## [edit] 2 Using Continuations

An efficient version (some 10x faster than the example Python solution) using continuations.

This is about as direct a translation of the Python algorithm as you'll get without sticking the whole thing in IO. The Python version prints the board and exits immediately upon finding it, so it can roll back changes if that doesn't happen. Instead, this version sets up an exit continuation using callCC and calls that to immediately return the first solution found. The Logic version below takes around 50% more time.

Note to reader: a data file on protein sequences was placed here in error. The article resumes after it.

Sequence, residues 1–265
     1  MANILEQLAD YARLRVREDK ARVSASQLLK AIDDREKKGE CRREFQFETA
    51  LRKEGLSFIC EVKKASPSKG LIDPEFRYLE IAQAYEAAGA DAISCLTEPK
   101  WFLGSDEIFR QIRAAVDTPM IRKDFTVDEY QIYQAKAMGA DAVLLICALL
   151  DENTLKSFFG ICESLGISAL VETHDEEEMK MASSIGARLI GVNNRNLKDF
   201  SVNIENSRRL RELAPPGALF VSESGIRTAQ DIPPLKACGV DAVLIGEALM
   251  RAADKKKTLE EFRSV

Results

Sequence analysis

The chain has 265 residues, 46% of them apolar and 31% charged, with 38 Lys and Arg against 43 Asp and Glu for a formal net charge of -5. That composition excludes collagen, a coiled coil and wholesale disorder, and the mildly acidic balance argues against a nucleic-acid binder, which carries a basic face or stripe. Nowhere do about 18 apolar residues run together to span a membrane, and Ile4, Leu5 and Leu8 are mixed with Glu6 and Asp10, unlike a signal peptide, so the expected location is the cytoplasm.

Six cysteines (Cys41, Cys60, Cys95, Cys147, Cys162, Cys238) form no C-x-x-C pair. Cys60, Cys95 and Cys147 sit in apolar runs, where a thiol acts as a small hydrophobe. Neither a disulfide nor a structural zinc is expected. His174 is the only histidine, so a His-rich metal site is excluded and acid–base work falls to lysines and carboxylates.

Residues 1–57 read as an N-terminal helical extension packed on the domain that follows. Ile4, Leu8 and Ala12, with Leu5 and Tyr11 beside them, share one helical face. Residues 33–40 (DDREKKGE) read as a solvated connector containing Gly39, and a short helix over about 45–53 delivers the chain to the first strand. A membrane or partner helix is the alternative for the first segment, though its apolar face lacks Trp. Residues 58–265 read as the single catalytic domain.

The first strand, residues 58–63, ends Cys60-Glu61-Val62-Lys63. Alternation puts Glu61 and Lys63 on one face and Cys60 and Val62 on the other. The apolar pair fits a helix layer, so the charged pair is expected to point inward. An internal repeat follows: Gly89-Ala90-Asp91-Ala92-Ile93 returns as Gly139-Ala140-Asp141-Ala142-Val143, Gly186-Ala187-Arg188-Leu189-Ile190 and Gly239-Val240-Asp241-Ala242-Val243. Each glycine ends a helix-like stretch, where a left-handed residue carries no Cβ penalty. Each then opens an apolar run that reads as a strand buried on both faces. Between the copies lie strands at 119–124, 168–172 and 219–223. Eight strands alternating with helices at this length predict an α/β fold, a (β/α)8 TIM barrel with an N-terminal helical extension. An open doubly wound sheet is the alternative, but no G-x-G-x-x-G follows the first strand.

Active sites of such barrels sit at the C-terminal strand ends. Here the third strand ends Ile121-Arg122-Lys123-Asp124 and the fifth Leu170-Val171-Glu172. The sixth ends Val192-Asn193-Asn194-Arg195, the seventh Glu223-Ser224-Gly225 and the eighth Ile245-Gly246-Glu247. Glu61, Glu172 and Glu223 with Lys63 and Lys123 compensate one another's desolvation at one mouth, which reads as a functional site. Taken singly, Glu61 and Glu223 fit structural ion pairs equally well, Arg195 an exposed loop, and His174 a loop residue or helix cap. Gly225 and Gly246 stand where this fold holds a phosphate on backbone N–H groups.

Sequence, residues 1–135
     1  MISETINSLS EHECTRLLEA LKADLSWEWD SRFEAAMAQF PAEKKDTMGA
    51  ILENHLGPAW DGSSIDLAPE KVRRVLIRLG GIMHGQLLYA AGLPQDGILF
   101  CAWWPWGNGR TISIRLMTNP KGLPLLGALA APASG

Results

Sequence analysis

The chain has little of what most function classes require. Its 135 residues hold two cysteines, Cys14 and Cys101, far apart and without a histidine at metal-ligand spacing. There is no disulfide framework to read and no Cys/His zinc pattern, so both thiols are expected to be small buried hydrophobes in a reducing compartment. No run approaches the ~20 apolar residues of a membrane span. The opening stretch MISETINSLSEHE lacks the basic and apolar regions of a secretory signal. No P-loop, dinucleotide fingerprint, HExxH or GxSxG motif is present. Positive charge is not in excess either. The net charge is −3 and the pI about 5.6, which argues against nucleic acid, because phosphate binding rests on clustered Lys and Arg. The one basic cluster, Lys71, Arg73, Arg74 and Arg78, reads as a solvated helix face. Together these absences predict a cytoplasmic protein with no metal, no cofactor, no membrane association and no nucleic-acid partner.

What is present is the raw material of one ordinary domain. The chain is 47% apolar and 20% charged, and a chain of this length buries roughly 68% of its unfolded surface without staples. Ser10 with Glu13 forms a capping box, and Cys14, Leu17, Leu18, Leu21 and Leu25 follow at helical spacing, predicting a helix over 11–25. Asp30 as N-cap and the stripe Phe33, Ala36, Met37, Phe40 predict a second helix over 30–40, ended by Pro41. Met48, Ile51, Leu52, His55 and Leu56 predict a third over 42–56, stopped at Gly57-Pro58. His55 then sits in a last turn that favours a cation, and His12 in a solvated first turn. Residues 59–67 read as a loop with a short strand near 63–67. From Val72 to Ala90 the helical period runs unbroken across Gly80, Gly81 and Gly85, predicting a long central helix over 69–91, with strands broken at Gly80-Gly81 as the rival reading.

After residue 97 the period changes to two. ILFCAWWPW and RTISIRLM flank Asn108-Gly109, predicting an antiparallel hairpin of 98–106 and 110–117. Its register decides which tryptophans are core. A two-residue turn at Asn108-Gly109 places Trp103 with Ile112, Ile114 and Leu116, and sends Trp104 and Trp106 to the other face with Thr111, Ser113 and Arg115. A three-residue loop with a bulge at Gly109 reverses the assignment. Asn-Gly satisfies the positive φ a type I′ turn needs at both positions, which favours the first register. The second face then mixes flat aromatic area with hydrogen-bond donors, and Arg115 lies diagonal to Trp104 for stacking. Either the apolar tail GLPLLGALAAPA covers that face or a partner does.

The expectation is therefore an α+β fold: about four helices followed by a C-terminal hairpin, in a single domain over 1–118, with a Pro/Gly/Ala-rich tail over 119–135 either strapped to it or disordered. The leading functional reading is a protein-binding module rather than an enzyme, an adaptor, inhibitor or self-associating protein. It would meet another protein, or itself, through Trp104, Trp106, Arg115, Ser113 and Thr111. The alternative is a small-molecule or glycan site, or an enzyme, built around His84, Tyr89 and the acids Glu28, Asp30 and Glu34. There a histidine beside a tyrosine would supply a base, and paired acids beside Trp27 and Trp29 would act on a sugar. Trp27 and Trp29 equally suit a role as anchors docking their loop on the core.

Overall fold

import Control.Monad.Cont import Control.Monad.ST import Data.Array.ST import Data.List import Data.Ord import Data.Ix import System.Environment type Square = (Int, Int) type Board s = STUArray s (Int,Int) Int type ChessM r s = ContT r (ST s) type ChessK r s = String -> ChessM r s () successors :: Int -> Board s -> Square -> ChessM r s [Square] successors n b = sortWith (fmap length . succs) <=< succs where sortWith f l = map fst `fmap` sortBy (comparing snd) `fmap` mapM (\x -> (,) x `fmap` f x) l succs (i,j) = filterM (empty b) [ (i', j') | (dx,dy) <- [(1,2),(2,1)] , i' <- [i+dx,i-dx] , j' <- [j+dy, j-dy] , inRange ((1,1),(n,n)) (i',j') ] empty :: Board s -> Square -> ChessM r s Bool empty b s = fmap (<1) . lift $ readArray b s mark :: Square -> Int -> Board s -> ChessM r s () mark s k b = lift $ writeArray b s k tour :: Int -> Int -> ChessK r s -> Square -> Board s -> ChessM r s () tour n k exit s b | k > n*n = showBoard n b >>= exit | otherwise = successors n b s >>= mapM_ (\x -> do mark x k b tour n (k+1) exit x b -- failed mark x 0 b) showBoard :: Int -> Board s -> ChessM r s String showBoard n b = fmap unlines . forM [1..n] $ \i -> fmap unwords . forM [1..n] $ \j -> pad `fmap` lift (readArray b (i,j)) where k = ceiling . logBase 10 . fromIntegral $ n*n + 1 pad i = let s = show i in replicate (k-length s) ' ' ++ s main = do (n:_) <- map read `fmap` getArgs s <- stToIO . flip runContT return $ (do b <- lift $ newArray ((1,1),(n,n)) 0 mark (1,1) 1 b callCC $ \k -> tour n 2 k (1,1) b >> fail "No solution!") putStrLn s